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State v. Velazquez

New Jersey Supreme Court

Decided: October 6, 1969.


On appeal from a judgment of the Superior Court, Appellate Division, whose opinions are reported at 104 N.J. Super. 578.

For affirmance -- Chief Justice Weintraub and Justices Jacobs, Francis, Proctor, Hall, Schettino and Haneman. For reversal -- None. Jacobs, J., concurring. Jacobs, J., concurring in result.

Per Curiam

[54 NJ Page 493]

The judgment is affirmed for the reasons expressed in the majority opinion of Judge Collester in the Appellate Division.

JACOBS, J., concurring:

Although the members of the Appellate Division agreed on guilt they differed on sentence. Judges Collester and Labrecque found that the trial judge had not improperly exercised his discretion in sentencing the defendant to a term of 1-2 years in the New Jersey State Prison. Judge Gaulkin considered the sentence too severe and filed a dissent brimming with compassion and understanding. 104 N.J. Super. at 581-85. He pointed out that the defendant was a small grocery store operator and had been struggling to make a bare livelihood for himself and his wife, along with their six children ranging from 10 to 17 years of age and all attending school; he indicated that the defendant had had no previous involvement with the law and that there was every likelihood that he had learned his lesson and would thereafter be fully law-abiding; he noted that the blow to the defendant and

[54 NJ Page 494]

his family would be far more devastating than any "problematical incidental damage" to organized gambling; and he concluded with the thought that not only would the defendant not come out of State Prison a better man, but, to the contrary, the miracle would be if he did not come out "a much worse one, embittered by what must appear to him to be a savage sentence." 104 N.J. Super. at 584-85. See Hammer, "Role Playing: A Judge Is a Con, A Con Is a Judge," N.Y. Times, Sept. 14, 1969 ยง 6 (Magazine), at 56; Menninger, The Crime of Punishment 73 (1968).

There is much to be said in favor of a comprehensive sentencing revision which might entail the establishment of a specialized sentencing tribunal, either judicial or administrative. See Levin, "Toward a More Enlightened Sentencing Procedure," 45 Neb.L.Rev. 499 (1966); Hayner, "Sentencing by an Administrative Board," 23 Law & Contemp. Prob. 477 (1958); Note, "Sentencing: The Good, The Bad and The Enlightened," 57 Ky.L.J. 456, 469-72 (1969). Several years ago the sentencing procedure in gambling cases was altered by the withdrawal of the sentencing power from the trial judge. However, the power was not transferred to a specialized sentencing tribunal, but to another judge who had nothing at all to do with the trial and who had no specialized training or skill in sentencing. I disagreed with that alteration for reasons which I have expressed elsewhere and which, in the light of the passage of time and the experiences to date, I have no hesitancy in reaffirming. See State v. De Stasio, 49 N.J. 247, 261-62 (concurring opinion), cert. denied, 389 U.S. 830, 88 S. Ct. 96, 19 L. Ed. 2 d 89 (1967); see also ABA Project on Minimum Standards for Criminal Justice, Sentencing Alternatives and Procedures 231-33 (Approved Draft 1968); De Costa, "Disparity and Inequality of Criminal Sentences: Constitutional and Legislative Approaches to Appellate Review and Reallocation of the Sentencing Function," 14 How.L.J. 29, 56 (1968).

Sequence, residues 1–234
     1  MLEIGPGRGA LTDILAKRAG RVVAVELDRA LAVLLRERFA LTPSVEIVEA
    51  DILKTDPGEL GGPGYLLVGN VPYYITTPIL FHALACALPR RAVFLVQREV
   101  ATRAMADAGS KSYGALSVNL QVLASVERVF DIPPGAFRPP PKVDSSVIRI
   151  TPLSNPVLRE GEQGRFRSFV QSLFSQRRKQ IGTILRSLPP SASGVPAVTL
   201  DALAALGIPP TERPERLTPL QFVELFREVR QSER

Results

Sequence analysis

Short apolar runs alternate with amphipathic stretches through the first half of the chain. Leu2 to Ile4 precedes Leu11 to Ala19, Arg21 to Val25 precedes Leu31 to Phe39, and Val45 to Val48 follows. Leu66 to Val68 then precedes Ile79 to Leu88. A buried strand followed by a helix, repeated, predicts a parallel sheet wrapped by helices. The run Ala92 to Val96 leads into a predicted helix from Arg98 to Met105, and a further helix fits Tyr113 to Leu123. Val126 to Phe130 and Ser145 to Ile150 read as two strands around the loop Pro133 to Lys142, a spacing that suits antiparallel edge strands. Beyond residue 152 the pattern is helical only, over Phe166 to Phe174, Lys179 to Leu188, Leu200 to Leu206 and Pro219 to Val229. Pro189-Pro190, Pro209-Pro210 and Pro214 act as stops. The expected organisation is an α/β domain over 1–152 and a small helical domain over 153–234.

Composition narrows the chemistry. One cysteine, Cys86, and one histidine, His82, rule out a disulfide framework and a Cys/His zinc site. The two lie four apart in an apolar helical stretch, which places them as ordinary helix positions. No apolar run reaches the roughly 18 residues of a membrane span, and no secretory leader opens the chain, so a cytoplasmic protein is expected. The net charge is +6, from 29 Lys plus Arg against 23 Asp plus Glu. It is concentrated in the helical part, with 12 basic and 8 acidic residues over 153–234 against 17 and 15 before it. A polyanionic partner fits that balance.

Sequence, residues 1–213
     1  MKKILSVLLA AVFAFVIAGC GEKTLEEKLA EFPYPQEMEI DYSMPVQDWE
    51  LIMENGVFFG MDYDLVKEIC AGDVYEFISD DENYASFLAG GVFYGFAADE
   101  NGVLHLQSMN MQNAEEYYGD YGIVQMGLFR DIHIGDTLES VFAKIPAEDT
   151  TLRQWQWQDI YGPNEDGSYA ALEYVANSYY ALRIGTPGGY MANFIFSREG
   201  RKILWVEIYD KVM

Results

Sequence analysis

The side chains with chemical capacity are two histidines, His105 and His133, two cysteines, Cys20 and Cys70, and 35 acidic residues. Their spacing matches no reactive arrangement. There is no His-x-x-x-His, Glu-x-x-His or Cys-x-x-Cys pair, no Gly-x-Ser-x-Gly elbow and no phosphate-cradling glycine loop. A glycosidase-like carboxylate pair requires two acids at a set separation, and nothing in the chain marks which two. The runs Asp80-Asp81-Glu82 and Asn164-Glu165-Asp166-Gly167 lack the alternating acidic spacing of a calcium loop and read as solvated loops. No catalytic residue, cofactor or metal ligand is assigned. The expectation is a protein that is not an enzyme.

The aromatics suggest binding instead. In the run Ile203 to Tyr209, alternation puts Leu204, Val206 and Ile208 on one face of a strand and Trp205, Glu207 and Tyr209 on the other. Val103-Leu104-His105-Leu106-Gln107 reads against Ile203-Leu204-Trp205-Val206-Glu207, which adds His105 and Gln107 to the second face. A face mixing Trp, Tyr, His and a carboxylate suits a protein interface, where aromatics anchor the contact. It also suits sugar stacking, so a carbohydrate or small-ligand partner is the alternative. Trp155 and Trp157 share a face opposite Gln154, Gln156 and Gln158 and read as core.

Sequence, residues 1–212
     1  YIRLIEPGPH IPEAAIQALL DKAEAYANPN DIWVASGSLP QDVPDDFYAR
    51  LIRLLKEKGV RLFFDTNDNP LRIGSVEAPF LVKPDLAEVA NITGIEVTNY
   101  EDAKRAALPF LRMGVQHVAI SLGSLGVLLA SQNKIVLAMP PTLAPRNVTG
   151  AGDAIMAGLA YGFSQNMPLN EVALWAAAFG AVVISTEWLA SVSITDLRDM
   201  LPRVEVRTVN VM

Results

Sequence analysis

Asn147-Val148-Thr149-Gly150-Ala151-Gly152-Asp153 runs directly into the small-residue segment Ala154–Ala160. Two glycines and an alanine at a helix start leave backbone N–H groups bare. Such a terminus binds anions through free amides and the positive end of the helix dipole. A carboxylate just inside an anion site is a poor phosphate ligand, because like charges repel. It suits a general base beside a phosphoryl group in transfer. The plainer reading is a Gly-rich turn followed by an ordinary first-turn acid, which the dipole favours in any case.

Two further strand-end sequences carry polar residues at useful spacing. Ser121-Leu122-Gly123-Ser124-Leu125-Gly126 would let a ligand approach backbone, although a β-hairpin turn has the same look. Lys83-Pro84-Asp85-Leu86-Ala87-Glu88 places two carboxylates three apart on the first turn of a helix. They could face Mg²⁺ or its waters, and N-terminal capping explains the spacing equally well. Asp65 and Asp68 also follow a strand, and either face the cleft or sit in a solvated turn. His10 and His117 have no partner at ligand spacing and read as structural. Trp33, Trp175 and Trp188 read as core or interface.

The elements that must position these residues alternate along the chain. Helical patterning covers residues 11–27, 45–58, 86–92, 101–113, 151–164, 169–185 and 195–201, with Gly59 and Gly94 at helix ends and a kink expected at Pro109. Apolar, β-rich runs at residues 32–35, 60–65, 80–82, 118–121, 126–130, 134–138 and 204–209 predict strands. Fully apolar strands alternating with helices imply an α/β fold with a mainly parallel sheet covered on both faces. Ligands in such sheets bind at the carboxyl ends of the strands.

Despite my continued disagreement, I recognize that under the controlling force of De Stasio, supra, the sentencing judge

[54 NJ Page 495]

here, though he was not the trial judge, was lawfully called upon to exercise his own conscientious judgment as to whether the defendant should receive probation, or a term in State Prison, or a lesser term of imprisonment which would at least have kept him out of the State Prison at Trenton (N.J.S.A. 2 A:164-15) described in Menninger, supra, as a 1798 building "now standing as a disgrace to American penology." Judge Gaulkin would have placed the defendant on probation or perhaps have given him a lesser term (104 N.J. Super. at 581), and if I were the sentencing judge I might well have done the same after having carefully weighed "all of the circumstances and all of the societal and individual interests involved." 49 N.J. at 262. But that is not the present issue for the imposition of a sentence involves an exercise of judgment which, under still prevailing precedents, is not to be upset on appeal "in the absence of a clear showing of abuse of discretion." See State v. Tyson, 43 N.J. 411, 417 (1964), cert. denied, 380 U.S. 987, 85 S. Ct. 1359, 14 L. Ed. 2 d 279 (1965); State v. Allen, 104 N.J. Super. 187, 189-90 (App. Div.), aff'd, 54 N.J. 311 (1969). The Appellate Division found no such showing and on the record submitted to this Court, I concur. Cf. Schuttler v. Reinhardt, 17 N.J. Super. 480 (App. Div. 1952): "We would emphasize that it is only in the exceptional case that a discretionary act will lead to a reversal. The circumstance that the appellate judges, had they been presiding at the trial, would have made a contrary ruling, is far from enough to bring about a reversal." 17 N.J. Super. at 485.


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